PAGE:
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Integrated Project Approach

“What I hear, I forget; what I see, I remember; what I do, I understand.”

 Confucius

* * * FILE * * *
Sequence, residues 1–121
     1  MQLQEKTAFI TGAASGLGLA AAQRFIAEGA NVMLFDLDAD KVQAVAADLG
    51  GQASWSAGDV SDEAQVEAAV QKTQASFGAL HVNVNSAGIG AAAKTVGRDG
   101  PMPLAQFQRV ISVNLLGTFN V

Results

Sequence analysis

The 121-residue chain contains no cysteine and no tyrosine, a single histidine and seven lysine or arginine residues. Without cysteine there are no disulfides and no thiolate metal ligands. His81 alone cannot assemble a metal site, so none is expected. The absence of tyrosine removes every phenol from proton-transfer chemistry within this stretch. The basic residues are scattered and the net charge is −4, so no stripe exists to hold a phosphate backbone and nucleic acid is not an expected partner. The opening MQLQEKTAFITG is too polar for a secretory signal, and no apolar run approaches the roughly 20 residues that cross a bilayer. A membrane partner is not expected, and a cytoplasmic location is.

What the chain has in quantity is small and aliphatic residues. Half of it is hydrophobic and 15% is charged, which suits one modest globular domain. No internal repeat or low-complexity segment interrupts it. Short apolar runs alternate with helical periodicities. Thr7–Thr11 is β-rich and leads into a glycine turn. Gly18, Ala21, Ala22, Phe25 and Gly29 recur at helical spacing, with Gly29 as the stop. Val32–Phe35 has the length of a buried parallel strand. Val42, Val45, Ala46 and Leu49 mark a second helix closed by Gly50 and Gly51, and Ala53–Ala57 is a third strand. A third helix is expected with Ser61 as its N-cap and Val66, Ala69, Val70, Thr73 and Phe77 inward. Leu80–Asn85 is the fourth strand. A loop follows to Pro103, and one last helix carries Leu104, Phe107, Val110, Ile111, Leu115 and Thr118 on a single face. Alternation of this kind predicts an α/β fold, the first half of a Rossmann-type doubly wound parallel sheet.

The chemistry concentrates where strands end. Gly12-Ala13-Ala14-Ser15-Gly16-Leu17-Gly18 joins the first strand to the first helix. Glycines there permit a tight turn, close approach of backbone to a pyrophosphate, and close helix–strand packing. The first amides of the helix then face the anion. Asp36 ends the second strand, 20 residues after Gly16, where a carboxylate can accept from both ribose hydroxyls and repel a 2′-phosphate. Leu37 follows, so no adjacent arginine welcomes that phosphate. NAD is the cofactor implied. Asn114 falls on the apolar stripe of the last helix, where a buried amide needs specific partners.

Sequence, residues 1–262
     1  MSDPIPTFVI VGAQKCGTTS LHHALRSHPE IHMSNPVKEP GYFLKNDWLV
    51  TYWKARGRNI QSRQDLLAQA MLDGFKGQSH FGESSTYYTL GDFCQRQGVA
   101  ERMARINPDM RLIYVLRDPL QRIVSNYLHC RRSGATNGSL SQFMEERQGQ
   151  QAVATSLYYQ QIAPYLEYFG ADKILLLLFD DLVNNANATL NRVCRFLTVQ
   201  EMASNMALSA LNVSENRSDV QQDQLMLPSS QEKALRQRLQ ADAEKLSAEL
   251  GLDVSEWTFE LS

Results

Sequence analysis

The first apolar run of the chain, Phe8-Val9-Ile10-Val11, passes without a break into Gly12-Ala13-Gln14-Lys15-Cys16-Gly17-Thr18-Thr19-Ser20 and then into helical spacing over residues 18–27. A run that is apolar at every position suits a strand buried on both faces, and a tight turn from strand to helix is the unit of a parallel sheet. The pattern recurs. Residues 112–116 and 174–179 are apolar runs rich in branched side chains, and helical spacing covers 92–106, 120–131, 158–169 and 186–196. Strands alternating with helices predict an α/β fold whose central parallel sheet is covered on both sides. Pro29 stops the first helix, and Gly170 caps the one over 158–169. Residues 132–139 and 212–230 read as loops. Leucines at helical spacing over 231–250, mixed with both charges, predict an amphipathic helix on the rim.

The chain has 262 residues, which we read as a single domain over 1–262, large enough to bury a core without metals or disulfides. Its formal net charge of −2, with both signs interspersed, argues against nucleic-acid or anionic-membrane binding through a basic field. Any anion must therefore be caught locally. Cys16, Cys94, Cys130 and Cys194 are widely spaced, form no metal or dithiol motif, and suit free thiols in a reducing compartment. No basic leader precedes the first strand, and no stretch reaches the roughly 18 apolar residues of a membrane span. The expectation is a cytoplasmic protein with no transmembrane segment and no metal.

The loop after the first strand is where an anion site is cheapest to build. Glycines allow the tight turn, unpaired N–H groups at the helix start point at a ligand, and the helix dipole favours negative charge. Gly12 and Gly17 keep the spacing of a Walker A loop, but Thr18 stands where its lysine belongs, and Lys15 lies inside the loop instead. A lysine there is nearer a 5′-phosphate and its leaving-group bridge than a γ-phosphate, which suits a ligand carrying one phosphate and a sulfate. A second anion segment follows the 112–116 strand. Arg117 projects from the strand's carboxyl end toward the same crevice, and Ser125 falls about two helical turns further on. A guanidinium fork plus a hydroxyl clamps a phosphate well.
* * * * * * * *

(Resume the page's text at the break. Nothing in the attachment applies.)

The use of projects and the rationale behind project work is to extend and integrate learning. An important aspect of this is also comprehensive and integrated learning. This approach aims to reduce the burden of rote learning and pressure of work. In this context the concept of group project work or an integrated project approach helps teachers not only facilitate learning but also hone social and communication skills. The Integrated Project Approach takes the concept a step further. Localised topics are chosen such as agriculture, community, historical places, etc. to generate additional interest in the students. All aspects of a topic are brainstormed and the class looks at the topic in a holistic way enabling cross curriculum connectivity.  A brain storming as shown in the sample project framework will set out guidelines for both students and teachers. By preferring group or integrated project work the individual is saved the burden of working on different projects for different subjects. In a Group Project, every student is assigned a task and is a very important cog in the wheel to help complete the project successfully. The student is recognized as an important member and is entrusted with an assignment. The student can also have a preference or choice of role. This shores up confidence and also helps with team building and hones values such as loyalty. Work on the topic is distributed over four quarters comprising research work, hand skill and effective change culminating in an exhibition/display in the fourth quarter.